Although sometimes I don't even get names at the end of the day. Once, I got severely busted for this. After spending two hours one night driving home in the van and gabbing the entire time with one particular PA about jobs where we'd known the same people, I ran into her on set a few weeks later.
"Hey, ___!" she said cheerfully.
"Oh! Oh, hey...Hey!" I stuttered. "How's it going?"
"You don't even remember my name, do you?"
"Sure I do, Hilary."
"Wow, really? Gosh, sorry, I could have sworn it was Hilary."
"Um, yeah, I'm pretty sure since it is, you know, my name."
Since that little humiliation, I've gotten a lot better. In fact, at this point, I have my own personal catalogue of favorite PAs. This is based, as you might imagine, not only on general helpfulness and the ability to do their jobs well, or at least correctly, but on quirky and distinctive personality traits that make them especially entertaining, and of course, blog-worthy.
First of all, there's Nora. Nora always seems to be looking for both a new guy and an apartment, and so, at a time when I was similarly homeless and unattached, the search for those the two things was the subject over which we originally bonded. Although our attitudes tend to be a bit different.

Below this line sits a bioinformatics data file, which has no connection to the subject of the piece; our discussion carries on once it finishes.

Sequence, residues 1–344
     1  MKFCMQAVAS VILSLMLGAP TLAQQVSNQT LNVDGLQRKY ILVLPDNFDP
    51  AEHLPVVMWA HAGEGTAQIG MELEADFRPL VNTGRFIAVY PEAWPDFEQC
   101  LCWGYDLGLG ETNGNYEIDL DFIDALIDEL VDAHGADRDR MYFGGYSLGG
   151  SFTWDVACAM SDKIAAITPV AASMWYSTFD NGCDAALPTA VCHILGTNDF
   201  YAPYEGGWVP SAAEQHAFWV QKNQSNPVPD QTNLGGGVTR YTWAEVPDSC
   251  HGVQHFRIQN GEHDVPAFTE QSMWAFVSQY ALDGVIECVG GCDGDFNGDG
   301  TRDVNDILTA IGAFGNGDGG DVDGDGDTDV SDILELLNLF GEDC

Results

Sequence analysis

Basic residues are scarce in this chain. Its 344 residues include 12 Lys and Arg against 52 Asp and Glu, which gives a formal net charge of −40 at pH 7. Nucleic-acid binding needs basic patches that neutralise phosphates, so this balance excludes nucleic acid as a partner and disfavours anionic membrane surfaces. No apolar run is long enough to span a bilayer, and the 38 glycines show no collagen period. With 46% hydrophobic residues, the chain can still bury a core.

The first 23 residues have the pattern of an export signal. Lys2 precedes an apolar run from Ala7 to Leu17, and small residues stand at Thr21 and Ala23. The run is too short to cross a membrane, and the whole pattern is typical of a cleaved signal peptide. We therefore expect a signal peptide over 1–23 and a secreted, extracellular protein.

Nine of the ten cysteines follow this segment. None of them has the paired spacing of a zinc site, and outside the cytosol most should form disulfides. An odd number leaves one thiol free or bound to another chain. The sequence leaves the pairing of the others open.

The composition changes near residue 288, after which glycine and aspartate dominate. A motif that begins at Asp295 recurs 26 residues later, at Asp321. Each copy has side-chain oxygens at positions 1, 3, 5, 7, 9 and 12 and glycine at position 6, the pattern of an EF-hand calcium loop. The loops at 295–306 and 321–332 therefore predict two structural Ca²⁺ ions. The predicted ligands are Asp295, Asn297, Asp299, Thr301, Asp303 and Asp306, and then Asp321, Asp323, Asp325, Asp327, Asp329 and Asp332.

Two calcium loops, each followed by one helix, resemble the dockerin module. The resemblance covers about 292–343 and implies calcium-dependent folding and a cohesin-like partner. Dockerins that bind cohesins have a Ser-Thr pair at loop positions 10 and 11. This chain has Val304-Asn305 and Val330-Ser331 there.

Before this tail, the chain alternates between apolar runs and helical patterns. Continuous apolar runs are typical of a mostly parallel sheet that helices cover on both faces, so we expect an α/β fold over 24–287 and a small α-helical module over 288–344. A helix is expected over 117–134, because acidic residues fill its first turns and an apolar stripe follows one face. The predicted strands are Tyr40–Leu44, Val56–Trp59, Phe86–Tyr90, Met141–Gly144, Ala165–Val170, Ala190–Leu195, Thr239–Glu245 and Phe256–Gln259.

"Yeah, I just met this one guy, he's been calling me," she'd say, stopping then to bark, "Copy that, going back to one!" into her walkie before continuing without missing a beat, "But I'm really into this other guy I've been sleeping with. Oh, and then I gave my number to some guy in a bar the other night. He was hot, but I don't know if he's going to call."
"Yeah," I'd say, "I've been dating this guy for a couple of months, but he's kind of ignoring me right now."
And then I'd have nothing else to say, but that was okay, because she did.
I've noticed that we tend to flirt with the same men on set, albeit, as you might imagine, with different results. This difference can also be seen in our Facebook pages, where Nora is inevitably replacing one provocative profile picture of herself sprawled, come-hitherly, in bed, with another of her in a bikini, whereas mine tend to be of me in a Super-8 hotel room in some unflattering state of exhaustion, or a baby picture, or a friend's shaved Persian cat, which I put up just because it looked so ridiculous (although nobody seemed to get it when I had status updates that read, "Does this haircut make my head look big?" They would just comment things like, "I could tell you if you put up an actual picture of yourself!")
Then there's Matt, or Goldstein, as I like to refer to him. For some reason, we always greet each other at the beginning of the day by shouting each other's last names across the set like a pair of old Jewish men. He started it. I don't know why.